Created By: MasterheartsXIII on December 14, 2012 Last Edited By: MasterheartsXIII on February 5, 2013
Troped

Flying Books

When books, possibly possessed or enchanted, fly around using their pages as wings.

Name Space:
Main
Page Type:
Trope
Whether by magic or by haunting, books are many times portrayed as being able to fly. This is usually done by the book turning with its spine facing up, splitting its pages down the middle, and then flapping its halves like a bird. If in a video game, may be used as a minor mook. See also Books That Bite.

[[Folder:Film]]
  • The Necronomicon in Army of Darkness does this.
  • The Fantastic Flying Books of Morris Lessmore is an Academy Award-winning animated short film by William Joyce about a man who discovers an entire library of flying books, and becomes their friend and guardian.

[[Folder:Literature]]
  • In Terry Pratchett's Discworld, the Librarian of Unseen University makes it perfectly clear that if you want to consult the books on flying and levitation spells, you've got to catch them first. He will lend you the very long stepladders, however, as they're generally to be found flying around in the roofspace somewhere.

[[Folder:Live-Action TV]]

[[Folder:Tabletop Games]]

[[Folder:Video Games]]
  • Epic Mickey has a level in the Lonesome Manor, where, as an extra mission, Mickey can chase down flying books and spray them with paint, gumming up their pages and making them fall out of the sky so they can be collected.
  • Super Mario 64 has a few of these show up in the original Big Boo's Haunt
  • In Banjo-Kazooie, Cheato, the big book of cheat codes hovers in place while flapping his pages.
  • Some earlier versions of Harry Potter 's video game have flying book present as enemies (they try to ram you out of certain platforms) and others serving as platforms.
  • The haunted castle setting for Castlevania: Symphony of the Night has a library with hostile flying books.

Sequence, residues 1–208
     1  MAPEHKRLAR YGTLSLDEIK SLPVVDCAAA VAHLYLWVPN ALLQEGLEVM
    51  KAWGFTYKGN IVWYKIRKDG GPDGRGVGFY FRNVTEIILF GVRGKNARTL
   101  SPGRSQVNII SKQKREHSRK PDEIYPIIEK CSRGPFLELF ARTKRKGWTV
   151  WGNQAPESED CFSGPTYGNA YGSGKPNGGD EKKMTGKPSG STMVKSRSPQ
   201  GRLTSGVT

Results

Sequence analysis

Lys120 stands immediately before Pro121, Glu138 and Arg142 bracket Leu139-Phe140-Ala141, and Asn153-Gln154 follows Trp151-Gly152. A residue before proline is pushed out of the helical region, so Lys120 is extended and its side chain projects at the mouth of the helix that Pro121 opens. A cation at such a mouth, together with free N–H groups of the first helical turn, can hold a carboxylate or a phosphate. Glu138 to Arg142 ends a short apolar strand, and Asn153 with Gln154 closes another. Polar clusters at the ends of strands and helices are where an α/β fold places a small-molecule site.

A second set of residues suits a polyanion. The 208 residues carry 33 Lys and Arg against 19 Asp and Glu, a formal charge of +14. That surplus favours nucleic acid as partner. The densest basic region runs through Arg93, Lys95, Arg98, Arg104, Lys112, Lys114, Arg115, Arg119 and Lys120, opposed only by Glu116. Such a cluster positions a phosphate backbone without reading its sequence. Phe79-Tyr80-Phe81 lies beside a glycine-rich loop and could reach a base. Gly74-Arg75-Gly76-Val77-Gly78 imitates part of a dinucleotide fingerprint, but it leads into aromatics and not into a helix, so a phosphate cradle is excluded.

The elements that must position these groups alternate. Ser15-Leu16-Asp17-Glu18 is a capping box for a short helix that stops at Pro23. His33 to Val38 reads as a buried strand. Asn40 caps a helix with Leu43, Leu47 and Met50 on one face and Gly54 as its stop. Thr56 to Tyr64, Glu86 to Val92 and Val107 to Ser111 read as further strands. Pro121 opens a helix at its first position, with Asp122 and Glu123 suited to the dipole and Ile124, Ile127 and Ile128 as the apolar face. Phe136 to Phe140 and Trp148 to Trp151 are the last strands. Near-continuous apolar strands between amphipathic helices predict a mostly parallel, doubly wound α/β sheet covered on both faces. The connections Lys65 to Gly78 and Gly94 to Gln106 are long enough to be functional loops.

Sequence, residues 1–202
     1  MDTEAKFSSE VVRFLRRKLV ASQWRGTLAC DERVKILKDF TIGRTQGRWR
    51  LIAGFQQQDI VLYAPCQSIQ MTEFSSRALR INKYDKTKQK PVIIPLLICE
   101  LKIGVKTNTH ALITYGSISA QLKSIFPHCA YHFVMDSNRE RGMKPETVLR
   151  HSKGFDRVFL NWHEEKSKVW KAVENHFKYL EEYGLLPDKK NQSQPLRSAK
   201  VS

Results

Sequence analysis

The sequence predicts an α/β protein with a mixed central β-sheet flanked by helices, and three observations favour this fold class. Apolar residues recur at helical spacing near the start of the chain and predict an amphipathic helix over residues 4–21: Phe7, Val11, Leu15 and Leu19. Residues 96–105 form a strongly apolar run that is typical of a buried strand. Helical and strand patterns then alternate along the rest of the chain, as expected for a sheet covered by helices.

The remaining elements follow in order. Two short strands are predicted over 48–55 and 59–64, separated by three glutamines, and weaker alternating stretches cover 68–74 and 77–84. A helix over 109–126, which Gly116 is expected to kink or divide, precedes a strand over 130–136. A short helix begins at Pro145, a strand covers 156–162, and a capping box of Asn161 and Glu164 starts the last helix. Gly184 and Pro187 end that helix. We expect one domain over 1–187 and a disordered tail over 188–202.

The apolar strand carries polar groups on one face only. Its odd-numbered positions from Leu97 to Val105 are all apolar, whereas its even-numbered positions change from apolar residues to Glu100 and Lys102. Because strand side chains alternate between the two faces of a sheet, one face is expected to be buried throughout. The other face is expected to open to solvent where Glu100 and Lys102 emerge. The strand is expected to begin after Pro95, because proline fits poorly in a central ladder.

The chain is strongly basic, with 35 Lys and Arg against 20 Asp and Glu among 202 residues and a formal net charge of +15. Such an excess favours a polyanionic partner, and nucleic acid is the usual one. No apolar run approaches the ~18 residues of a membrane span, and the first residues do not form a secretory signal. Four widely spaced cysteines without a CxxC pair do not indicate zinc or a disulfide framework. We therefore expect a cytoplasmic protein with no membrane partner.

• The library chapter in Drawn: Dark Flight not only has books flying around, but one of the puzzles involves catching some of them with a butterfly net.
  • Eternal Darkness: One of the Sanity effects in the Roivas mansion involves books in the library flying between the shelves.
  • The Grimoires from Nier can fly.
  • Secret of Mana (and possibly some of the other Seiken Densetsu games) has animated books that flutter around. They also flip their pages to cast spells.
  • In RuneScape, flying books can be found in Daemonheim as minions of the feared libraromancer Lexicus Runewright.

[[Folder:Web Comics]]
  • Axe Cop at one point features an evil flying book, who turns out to be a robot.

[[Folder:Western Animation]]
  • The Christmas special The Story of Santa Claus has one, the somewhat-anthropomorphic flying book of Nostros, the wizard.
  • The CGI opening of Amazing Stories featured this.

Community Feedback Replies: 48
  • December 14, 2012
    CosmicOsmo
    Did The Pagemaster do this? I mean, it was about anthropomorphic books, after all. They could have flown at some point.

    Can someone else who remembers the movie back me up on whether or not the books flew?
  • December 14, 2012
    CaveCat